Do Great Leaders Focus On People Or Results?
This week we are privileged to have our blog written by John Spence, author of Awesomely Simple.
John Spence has been named on to the top 100 business thought leaders in America, one of the top 100 small business influencers in America and one of the top 500 leadership development experts in the world. The American Management Association recognized him as one of the top 50 leaders to watch in 2015 along with Sergey Brin, Larry Page and Jeff Bezos.
Enjoy the read!
Tui Harwood, CEO
Do Great Leaders Focus On People Or Results?
I just talked a good friend of mine whose company is being bought by private equity firm and the managers of that firm have made it clear that they plan to run the company by spreadsheet. To quote one of them directly, “We don’t care about people, we don’t care about customers, the only thing we care about is you making the numbers.” I’ve got another friend who runs a very large company that drives their salespeople into the ground with daily, weekly and monthly spreadsheet reports that constantly harangue them to “make their numbers.” The turnover in sales people in this company is about 120% per year at an annual expense to the business of a little bit North of $30 million, but because they generate about $8 billion in revenue it doesn’t seem like a very big problem to them. The leaders in both of these companies consider themselves “Great” leaders because they are results driven, always hit their financial goals, and their shareholders are very pleased too.
Then you’ve got a place like Google who takes legendary care of their 25,507 employees, offering them an insane array of amenities, perks, and incentives and were listed as the number ONE best place in America to work in 2013 while generating $58 billion in revenues.
** Just for fun let’s write that out:
Or maybe Zappos, the company founded on “delivering happiness,” that has also been listed as the number one place to work in America (in 2012 before they were bought by Amazon) and had 3,000+ uber-happy employees that helped make the company $1.6 billion in revenue that year.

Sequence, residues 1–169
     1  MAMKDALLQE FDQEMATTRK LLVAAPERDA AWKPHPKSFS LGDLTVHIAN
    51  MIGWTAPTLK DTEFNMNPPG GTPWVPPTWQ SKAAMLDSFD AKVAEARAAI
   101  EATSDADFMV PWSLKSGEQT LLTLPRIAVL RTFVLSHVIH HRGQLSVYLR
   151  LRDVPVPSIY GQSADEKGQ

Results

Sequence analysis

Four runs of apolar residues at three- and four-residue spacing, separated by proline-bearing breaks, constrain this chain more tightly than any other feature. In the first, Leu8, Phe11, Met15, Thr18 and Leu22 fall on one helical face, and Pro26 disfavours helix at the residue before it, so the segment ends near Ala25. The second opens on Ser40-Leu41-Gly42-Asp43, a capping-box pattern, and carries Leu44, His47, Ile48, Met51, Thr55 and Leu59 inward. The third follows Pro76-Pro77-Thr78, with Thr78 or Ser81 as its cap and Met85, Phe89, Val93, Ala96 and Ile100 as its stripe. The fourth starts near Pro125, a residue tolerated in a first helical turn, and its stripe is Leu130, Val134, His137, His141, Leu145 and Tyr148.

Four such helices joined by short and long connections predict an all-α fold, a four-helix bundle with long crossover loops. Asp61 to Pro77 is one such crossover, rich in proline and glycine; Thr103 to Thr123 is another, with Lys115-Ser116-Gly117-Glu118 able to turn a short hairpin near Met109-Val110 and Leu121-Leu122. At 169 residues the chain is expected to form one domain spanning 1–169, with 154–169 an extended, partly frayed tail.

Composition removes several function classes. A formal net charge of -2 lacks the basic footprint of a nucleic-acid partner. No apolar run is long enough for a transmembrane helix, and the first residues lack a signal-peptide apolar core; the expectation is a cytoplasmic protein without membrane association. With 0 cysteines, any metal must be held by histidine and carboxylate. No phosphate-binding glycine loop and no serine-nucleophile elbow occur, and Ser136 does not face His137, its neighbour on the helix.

So what’s the answer, people or results? Well it’s actually neither.
I was just looking over Harvard Business Review article that mentioned a fascinating survey of 60,000 employees on what they felt made a leader a “Great” leader. According to the authors, two of the characteristics they looked at were results focused or people focused. Results focus combined strong analytical skills with an intense motivation to move the company forward and solve problems. If a leader was seen as being very strong on results focus, the chance of that leader being seen as a great leader was only 14%. People skills combine attributes like communication, inclusiveness and empathy. If a leader was strong on people skills, he or she was seen as a great leader even less of the time — only 12%. However, for leaders who were strong in both results focus and people focus, the likelihood of being seen as a great leader skyrocketed to 72%.
From my 20 years of working with companies of every size, all around the world, it has become crystal clear to me that in order to build and sustain a highly successful organization the leader MUST:
- Hire the best people they can possibly find
- Treat those people extremely well and pay them fairly
- Invest lots of time and money in training, development and motivation
- Empower them to go out and take great care of customers
- Rigorously track business results
- Hold those people 100% accountable for delivering the desired results
- Celebrate both small and large wins / deal decisively with mediocrity
Every great leader I’ve ever had the privilege of working with has been focused relentlessly on both taking great care of their people and building a strong and financially stable business. Here are three quotes I believe sum this point up nicely:
- “If you do not manage cash flow, you won’t be managing much for long”
- “The number one factor in highly engaged satisfied and loyal CUSTOMERS, is highly engaged, loyal and satisfied EMPLOYEES.”
- “The Customer’s experience will never exceed the employee’s experience.”
Focus solely on numbers and pretty soon you don’t have any people left (or at least not any good ones), focus only on people and pretty soon you don’t have any numbers (or at least not any good ones when you show up in bankruptcy court), so the goal is: people first and results first – got to have both!